Feature story

Vancouver delegates call for greater innovation in HIV diagnostics

22 July 2015

Innovation in HIV diagnostics is urgently needed if the world hopes to achieve the 90–90–90 target for access to antiretroviral therapy, leading scientific experts advised this week. The call for intensified effort and innovation on HIV diagnostics occurred during two sessions at the 8th International AIDS Society Conference on HIV Pathogenesis, Treatment and Prevention, held in Vancouver, Canada.

“It is clear that we can’t accept business as usual when it comes to HIV diagnostics,” said UNAIDS Deputy Executive Director Luiz Loures, who moderated a special satellite session on enhancing diagnostic access. “We must do things differently if we are to reach the 90–90–90 target.”

Global experts focused on three key diagnostic challenges: ensuring timely diagnosis of HIV among children, rapidly increasing knowledge of HIV status among adults living with HIV and scaling up essential viral load testing. These three focus areas are key priorities for the Diagnostics Access Initiative, a multi-stakeholder global initiative that aims to fully leverage the potential of laboratory medicine to lay the groundwork to end the AIDS epidemic as a public health threat.

Diagnosing children living with HIV

Unlike adults, who can be diagnosed with HIV through a simple antibody test, very young children require more expensive molecular tests, which use centralized laboratories that are remote from clinical sites. This creates substantial delays in diagnosing HIV-exposed children and also increases both costs and the risks that specimens or results will be lost. Even when early infant diagnostic services are available, many HIV-exposed children only receive their HIV test results after the time when peak mortality occurs, at six to eight weeks old, according to Trevor Peter, of the Clinton Health Access Initiative (CHAI).

Relatively simple, point-of-care diagnostic tests for early infant diagnosis are now emerging, Mr Peter reported, and these will need to be rapidly scaled up. In addition, mobile health technologies have the potential to reduce delays in the communication of test results and help ensure that test results for HIV-exposed children are actually received at the clinical site. At the Vancouver conference, UNAIDS and its partners in the Diagnostics Access Initiative announced with Roche Diagnostics a 35% decline in the global price for early infant diagnostic testing.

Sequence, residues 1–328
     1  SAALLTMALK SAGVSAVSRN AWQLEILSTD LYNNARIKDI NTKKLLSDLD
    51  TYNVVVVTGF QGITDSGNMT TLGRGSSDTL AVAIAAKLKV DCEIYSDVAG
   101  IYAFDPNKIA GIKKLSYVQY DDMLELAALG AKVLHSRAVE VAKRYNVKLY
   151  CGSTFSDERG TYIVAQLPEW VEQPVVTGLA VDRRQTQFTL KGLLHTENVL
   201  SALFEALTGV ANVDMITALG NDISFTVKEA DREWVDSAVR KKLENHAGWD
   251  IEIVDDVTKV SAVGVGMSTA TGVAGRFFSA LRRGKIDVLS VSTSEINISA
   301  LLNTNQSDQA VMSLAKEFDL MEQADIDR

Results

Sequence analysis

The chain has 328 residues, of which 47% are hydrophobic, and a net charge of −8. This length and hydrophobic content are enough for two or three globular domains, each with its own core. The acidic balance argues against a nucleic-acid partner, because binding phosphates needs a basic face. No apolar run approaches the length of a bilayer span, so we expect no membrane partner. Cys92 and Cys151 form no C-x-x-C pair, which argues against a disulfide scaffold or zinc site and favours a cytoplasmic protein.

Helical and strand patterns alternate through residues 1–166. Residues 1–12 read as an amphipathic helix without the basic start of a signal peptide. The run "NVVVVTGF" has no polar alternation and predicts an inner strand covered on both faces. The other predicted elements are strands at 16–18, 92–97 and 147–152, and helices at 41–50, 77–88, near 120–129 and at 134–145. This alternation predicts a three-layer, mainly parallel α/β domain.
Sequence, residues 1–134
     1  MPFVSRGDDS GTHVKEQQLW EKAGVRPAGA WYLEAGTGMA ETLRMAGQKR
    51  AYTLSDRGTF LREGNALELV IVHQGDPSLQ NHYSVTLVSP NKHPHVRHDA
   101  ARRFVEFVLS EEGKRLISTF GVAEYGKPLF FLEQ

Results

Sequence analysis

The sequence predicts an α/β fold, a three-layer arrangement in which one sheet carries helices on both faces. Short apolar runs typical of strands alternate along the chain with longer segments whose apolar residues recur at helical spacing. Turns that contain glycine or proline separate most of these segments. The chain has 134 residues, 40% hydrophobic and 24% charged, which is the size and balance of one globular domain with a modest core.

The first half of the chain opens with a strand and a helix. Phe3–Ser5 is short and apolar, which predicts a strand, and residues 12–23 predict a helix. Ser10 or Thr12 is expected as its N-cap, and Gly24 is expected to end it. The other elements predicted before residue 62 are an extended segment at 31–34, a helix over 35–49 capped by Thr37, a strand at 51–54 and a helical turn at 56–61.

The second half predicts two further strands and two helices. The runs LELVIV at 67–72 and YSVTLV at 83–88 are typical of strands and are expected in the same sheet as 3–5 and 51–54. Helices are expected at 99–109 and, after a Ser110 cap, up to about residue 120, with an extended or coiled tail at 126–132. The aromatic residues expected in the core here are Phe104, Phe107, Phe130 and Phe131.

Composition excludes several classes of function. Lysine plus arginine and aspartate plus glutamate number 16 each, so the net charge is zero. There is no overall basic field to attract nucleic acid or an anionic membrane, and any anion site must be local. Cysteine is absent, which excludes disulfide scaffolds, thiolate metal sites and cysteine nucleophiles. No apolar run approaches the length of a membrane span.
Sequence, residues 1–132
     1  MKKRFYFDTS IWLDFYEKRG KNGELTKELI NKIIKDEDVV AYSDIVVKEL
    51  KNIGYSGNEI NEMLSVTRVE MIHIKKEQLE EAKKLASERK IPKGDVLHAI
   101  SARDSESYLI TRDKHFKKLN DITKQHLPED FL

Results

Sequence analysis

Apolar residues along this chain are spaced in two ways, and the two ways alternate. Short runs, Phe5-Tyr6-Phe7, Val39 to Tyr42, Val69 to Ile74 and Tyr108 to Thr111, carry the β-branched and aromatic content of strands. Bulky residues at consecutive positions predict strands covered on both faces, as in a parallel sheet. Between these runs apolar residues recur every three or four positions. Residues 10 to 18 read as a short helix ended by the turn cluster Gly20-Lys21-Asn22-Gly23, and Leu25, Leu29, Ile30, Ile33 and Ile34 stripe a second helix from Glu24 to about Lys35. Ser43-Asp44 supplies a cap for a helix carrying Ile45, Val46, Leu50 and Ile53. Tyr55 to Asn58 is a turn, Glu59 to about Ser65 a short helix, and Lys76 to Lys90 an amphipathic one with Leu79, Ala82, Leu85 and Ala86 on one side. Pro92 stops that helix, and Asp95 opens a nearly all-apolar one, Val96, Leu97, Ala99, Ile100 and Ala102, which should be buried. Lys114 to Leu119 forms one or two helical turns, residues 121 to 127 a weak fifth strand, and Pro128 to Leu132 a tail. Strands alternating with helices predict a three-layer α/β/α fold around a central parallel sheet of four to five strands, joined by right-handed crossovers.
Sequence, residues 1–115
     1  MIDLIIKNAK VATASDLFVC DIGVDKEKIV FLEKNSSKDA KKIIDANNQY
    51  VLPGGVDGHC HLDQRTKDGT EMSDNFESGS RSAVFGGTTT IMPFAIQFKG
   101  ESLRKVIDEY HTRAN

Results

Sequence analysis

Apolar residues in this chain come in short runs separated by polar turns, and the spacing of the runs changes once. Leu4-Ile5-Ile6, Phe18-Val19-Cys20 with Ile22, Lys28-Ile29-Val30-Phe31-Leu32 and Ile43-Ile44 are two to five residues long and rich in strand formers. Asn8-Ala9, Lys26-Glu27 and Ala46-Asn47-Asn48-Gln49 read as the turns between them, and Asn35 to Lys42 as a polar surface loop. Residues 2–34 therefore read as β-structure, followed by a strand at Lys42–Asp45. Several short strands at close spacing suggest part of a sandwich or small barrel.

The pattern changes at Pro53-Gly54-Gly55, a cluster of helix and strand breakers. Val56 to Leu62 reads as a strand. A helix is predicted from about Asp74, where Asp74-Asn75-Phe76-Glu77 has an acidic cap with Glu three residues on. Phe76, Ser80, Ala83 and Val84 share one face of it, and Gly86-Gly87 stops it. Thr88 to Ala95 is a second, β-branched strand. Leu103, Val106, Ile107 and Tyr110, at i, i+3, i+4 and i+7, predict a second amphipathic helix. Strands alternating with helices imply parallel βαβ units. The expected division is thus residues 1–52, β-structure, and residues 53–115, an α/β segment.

Ensuring 90% knowledge of HIV status among adolescents and adults living with HIV

UNAIDS sponsored a separate session at the conference on democratizing HIV testing to reach the 90–90–90 target. Joseph Amon of Human Rights Watch advised that all people should feel empowered to choose where, when and how they want to be tested for HIV. Consistent with this human rights approach, there is growing interest in HIV self-testing tools.

New international guidelines on HIV testing services, launched by the World Health Organization (WHO) in Vancouver this week, indicate that WHO envisages widespread access to self-testing as an important component of a comprehensive HIV testing effort. Several countries in different regions currently allow HIV self-testing, but most countries have yet to adapt their laws and regulatory frameworks to permit it.

The new WHO guidelines on HIV self-testing emphasize the importance of moving testing access closer to communities. In particular, the new guidelines recommend steps to enable lay workers to administer HIV tests. Results from the Sustainable East Africa Research for Community Health (SEARCH) trial in more than 30 rural communities in Kenya and Uganda indicate that population-level knowledge of HIV status approaching or exceeding 90% can be achieved through community-owned, multidisease testing campaigns.

Presenting modelling work, John Stover of Avenir Health said that 90% knowledge of HIV status is achievable more broadly through a strategic combination of testing strategies, such as provider-initiated testing in diverse health settings, outreach to key populations, fixed centres for HIV testing and counselling, and various community-based approaches, such as HIV self-testing, mobile testing and door-to-door, home-based efforts.

Ensuring universal access to viral load testing

Conference participants also heard urgent calls to expand access to viral load testing. Not only is access to viral load testing essential for monitoring the 90-90-90 target, but viral load testing is an essential clinical tool to detect early treatment failure and permit intervention to improve treatment adherence. However, projections by CHAI indicate that current trends in the uptake of viral load testing are insufficient to ensure achievement of the 90–90–90 target.

During the diagnostics-focused sessions, several ways forward were suggested to close the viral load testing gap. Partners in the Diagnostics Access Initiative, along with the Government of South Africa, last year concluded an agreement with Roche Diagnostics to reduce the price of viral load testing by 40% worldwide. In addition, steps need to be taken to maximize the effective use of the viral load platforms that presently exist, as many viral load technologies are severely under-utilized at present.